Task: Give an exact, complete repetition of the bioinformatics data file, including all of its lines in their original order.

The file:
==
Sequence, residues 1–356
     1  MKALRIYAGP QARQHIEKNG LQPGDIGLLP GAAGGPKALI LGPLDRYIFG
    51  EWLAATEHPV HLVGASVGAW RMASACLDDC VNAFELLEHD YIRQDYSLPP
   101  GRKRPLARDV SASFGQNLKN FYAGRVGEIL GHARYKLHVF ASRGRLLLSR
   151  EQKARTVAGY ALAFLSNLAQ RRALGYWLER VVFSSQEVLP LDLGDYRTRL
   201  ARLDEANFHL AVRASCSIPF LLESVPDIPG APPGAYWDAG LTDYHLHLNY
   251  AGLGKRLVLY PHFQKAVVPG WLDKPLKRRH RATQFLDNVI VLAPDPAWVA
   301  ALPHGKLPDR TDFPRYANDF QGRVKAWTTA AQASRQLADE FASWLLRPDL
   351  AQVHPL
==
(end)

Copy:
Sequence, residues 1–356
     1  MKALRIYAGP QARQHIEKNG LQPGDIGLLP GAAGGPKALI LGPLDRYIFG
    51  EWLAATEHPV HLVGASVGAW RMASACLDDC VNAFELLEHD YIRQDYSLPP
   101  GRKRPLARDV SASFGQNLKN FYAGRVGEIL GHARYKLHVF ASRGRLLLSR
   151  EQKARTVAGY ALAFLSNLAQ RRALGYWLER VVFSSQEVLP LDLGDYRTRL
   201  ARLDEANFHL AVRASCSIPF LLESVPDIPG APPGAYWDAG LTDYHLHLNY
   251  AGLGKRLVLY PHFQKAVVPG WLDKPLKRRH RATQFLDNVI VLAPDPAWVA
   301  ALPHGKLPDR TDFPRYANDF QGRVKAWTTA AQASRQLADE FASWLLRPDL
   351  AQVHPL